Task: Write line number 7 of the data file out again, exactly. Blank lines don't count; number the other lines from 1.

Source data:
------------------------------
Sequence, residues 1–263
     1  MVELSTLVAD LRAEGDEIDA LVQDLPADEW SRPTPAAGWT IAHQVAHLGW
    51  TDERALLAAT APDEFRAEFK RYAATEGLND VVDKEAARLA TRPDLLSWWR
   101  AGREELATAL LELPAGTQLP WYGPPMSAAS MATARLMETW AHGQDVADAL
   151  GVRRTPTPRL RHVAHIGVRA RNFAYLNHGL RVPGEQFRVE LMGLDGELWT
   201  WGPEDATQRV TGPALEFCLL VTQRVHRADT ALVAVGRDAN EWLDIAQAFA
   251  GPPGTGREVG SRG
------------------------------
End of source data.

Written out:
   251  GPPGTGREVG SRG